Poorer diet quality has been shown to increase the risk of many chronic conditions [7,8,9]. Studying overall diet quality rather than isolated nutrients to characterize a population’s dietary intake has gained wide acceptance in nutritional epidemiology. Diet quality can be assessed by several different indices, with lower scores (i.e., less healthy diets) associated with significantly higher incidences of cancer, diabetes, cardiovascular disease, and mortality [9]. Furthermore, with a well-established link between these conditions and obesity, there is a need to focus efforts on dealing with the global rise in obesity [10].
Many variables contribute to obesity including environmental, genetic, and lifestyle factors such as sleep duration, physical inactivity and poor diet [11,12]. A recent systematic review by Asghari et al. reported an inverse association between body mass index (BMI) and diet quality, as assessed by the healthy eating index (HEI) [13]. The HEI and its newer revised versions are methods to assess diet quality based on the Dietary Guidelines for Americans [14] and have been adapted to correspond with Canada’s Food Guide [15,16]. The Atlantic region of Canada is an area of the country with particularly high rates of obesity [17]; however, there is very little nutritional epidemiological research examining region-specific diet quality in the area. Therefore, the aim of this study was to assess diet quality among Atlantic Canadian provinces and explore the association with obesity in participants of the Atlantic Partnership for Tomorrow’s Health (PATH) cohort.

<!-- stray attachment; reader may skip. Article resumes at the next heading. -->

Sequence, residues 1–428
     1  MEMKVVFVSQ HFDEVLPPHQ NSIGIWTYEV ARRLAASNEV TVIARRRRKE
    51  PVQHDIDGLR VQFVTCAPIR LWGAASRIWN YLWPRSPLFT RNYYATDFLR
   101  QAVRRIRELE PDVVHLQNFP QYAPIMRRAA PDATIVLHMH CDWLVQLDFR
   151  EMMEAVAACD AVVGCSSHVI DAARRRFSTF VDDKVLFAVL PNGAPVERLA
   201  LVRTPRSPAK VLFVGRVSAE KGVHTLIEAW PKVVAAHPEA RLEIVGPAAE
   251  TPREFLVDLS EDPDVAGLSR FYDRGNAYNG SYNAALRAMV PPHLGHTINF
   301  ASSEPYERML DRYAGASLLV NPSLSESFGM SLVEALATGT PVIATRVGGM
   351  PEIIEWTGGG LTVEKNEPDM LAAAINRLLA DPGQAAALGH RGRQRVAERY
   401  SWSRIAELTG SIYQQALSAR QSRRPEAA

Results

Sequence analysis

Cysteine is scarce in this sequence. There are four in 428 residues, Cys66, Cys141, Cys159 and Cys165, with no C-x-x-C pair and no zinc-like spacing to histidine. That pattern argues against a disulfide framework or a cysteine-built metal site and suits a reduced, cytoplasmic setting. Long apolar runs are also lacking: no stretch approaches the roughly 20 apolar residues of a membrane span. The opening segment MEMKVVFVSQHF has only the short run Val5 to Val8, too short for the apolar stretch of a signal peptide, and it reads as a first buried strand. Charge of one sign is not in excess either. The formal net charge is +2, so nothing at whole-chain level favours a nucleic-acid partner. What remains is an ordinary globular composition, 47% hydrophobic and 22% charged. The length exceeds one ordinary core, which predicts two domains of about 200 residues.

2. Materials and Methods

2.1. Study Population and Data Collection

Data for the Atlantic PATH cohort were collected during 2009–2015 from the four Atlantic Canada provinces: New Brunswick, Newfoundland and Labrador, Nova Scotia, and Prince Edward Island. Dietary questionnaire data were collected from 23,768 participants aged 35–69 years. Of these participants, 19,393 also had anthropometric measures required to calculate BMI. Anthropometric measures, including height, weight, and waist and hip circumference, were assessed by research nurses in assessment centers and self-reported by participants as part of the questionnaire data.

2.2. Assessment of Demographic and Lifestyle Risk Factors